This is a guide to a collection of French World War I posters that were digitized by the History, Philosophy, and Newspaper Library. The digital collection comprises 105 posters published in France during the First World War, representing a time of national volatility and a visual culture of lithography, illustrations, posters, and paintings. The original posters are housed in the University of Illinois Archives. Repairs and encapsulation were accomplished prior to 2001 using funds provided by a gift of Marian H. Thompson, and the posters were scanned between 2001 and 2005.
World War I inspired Europe's second "poster craze," or affichomania, in a span of fifty years. The first took place during the last part of the nineteenth century, when new printing technologies allowed artists such as Toulouse-Lautrec and Theodore Steinlein to move beyond the small, single-color, and mainly textual broadsides of the past. Because of their mass-producibility and affordability, these posters were also especially attractive to collectors, who considered the image as important as the text for the poster's meaning.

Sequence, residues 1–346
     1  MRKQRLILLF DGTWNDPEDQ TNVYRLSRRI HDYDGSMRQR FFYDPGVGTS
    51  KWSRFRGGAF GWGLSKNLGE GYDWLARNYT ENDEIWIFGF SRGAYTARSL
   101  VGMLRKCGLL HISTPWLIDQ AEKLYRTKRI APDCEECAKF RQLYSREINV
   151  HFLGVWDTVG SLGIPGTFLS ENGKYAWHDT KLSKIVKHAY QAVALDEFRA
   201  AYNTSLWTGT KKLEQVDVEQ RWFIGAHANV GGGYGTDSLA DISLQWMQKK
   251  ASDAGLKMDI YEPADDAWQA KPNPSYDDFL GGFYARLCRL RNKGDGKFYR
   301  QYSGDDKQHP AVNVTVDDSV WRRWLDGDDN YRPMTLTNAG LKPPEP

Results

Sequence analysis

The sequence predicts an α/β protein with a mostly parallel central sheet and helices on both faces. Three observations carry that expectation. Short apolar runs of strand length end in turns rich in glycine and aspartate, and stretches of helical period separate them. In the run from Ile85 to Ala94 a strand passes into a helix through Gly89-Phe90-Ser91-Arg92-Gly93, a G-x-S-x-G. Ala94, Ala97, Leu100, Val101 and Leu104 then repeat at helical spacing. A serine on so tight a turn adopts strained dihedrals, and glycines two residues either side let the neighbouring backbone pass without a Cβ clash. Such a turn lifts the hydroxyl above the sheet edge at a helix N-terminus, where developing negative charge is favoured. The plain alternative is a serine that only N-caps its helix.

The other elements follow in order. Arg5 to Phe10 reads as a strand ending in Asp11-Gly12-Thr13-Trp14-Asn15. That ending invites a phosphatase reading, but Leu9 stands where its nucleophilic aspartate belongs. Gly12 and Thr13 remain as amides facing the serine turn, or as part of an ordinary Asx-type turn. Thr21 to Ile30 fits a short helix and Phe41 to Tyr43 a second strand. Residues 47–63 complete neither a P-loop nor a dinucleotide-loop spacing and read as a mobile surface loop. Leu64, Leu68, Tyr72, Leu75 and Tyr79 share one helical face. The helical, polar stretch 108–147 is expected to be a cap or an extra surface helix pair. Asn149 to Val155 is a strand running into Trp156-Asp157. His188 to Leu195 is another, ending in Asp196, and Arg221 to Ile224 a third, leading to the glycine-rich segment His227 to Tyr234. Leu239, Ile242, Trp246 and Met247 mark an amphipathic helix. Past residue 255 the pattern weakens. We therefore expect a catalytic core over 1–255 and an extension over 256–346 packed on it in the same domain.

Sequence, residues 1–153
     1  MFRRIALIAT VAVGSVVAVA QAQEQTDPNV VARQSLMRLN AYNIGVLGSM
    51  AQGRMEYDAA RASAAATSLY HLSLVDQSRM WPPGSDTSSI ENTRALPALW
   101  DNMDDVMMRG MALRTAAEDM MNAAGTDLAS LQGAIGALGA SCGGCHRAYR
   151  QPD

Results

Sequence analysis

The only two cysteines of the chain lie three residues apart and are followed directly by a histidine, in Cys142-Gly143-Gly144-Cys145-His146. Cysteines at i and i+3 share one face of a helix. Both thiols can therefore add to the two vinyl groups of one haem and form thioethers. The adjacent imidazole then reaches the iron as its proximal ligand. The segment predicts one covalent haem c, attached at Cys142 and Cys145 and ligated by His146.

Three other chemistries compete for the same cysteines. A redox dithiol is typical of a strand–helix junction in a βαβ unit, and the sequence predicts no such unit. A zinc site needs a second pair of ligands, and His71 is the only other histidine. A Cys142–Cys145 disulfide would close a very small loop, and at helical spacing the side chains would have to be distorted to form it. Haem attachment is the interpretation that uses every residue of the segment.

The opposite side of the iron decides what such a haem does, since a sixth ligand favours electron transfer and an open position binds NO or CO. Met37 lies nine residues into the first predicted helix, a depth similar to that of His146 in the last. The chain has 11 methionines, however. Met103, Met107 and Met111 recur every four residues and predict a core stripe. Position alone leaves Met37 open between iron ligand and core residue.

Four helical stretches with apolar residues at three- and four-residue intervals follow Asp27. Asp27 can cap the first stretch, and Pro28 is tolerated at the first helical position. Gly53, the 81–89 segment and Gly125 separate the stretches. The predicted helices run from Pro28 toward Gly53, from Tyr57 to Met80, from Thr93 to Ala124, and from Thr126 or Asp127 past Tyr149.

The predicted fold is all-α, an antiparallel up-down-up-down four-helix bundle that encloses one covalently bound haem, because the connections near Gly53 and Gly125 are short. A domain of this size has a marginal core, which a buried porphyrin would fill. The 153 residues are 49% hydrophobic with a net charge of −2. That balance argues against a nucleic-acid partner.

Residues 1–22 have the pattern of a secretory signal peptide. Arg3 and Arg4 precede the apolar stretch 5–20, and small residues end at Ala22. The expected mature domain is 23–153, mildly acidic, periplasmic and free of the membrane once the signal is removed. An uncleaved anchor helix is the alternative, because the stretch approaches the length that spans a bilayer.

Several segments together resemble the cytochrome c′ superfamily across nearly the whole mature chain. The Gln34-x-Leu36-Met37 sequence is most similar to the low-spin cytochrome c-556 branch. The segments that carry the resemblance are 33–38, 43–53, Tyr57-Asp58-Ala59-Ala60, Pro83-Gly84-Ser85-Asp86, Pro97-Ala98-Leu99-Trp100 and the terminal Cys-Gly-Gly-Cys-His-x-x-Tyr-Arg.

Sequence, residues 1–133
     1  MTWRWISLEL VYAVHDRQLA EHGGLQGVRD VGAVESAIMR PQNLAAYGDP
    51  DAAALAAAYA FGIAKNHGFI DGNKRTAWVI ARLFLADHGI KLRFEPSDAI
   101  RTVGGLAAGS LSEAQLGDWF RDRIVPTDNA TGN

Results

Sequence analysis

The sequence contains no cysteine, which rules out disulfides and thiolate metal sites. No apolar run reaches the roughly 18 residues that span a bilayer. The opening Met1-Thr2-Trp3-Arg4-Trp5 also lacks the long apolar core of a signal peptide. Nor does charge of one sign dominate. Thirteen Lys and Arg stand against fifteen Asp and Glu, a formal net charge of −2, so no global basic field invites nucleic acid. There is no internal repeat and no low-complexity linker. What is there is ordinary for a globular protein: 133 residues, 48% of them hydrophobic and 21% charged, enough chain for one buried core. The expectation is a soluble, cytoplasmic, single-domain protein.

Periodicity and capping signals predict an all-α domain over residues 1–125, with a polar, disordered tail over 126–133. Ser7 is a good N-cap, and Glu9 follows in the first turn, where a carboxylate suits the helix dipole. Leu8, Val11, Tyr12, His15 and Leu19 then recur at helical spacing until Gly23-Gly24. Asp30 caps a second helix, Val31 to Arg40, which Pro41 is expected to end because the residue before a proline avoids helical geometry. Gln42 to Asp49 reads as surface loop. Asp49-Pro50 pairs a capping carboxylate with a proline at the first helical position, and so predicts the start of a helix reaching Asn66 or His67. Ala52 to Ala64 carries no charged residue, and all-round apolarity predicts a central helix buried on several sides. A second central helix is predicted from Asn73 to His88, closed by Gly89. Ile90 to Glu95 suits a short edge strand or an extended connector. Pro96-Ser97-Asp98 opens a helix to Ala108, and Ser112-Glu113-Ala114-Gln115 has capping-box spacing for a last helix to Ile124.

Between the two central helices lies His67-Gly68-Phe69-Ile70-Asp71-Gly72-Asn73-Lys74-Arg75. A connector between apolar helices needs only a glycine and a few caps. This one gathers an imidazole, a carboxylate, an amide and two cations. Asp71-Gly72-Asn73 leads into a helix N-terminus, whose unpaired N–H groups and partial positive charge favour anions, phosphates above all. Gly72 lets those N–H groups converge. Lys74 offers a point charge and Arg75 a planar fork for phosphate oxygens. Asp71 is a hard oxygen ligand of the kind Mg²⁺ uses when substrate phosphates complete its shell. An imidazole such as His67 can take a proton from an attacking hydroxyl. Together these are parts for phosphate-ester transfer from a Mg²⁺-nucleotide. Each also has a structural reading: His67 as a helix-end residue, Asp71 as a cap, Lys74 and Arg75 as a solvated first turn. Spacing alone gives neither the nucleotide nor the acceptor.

The posters collected here represent a landmark in poster history, because World War I saw the first large-scale use of posters for political purposes. With the rise of the mass media and the emergence of advertising, it was natural that national governments should embrace the poster as a primary instrument for mobilizing their peoples for war, and appropriate that a democratized art should be employed in a new kind of war that involved entire populations, civil as well as military.
These posters were issued by a variety of institutions and organizations such as the French War Ministry, French and British banks, the American Red Cross, YMCA Union Franco-Americaine, Comite Nationale de Prevoyance et d'Economies, and associations Francaise contre la Propagande Ennemie. Established French artists such as Jules Abel Faivre, Maurice Neumont, Atelier Pichon, and Theodore Steinlien contributed to the effort through their design work.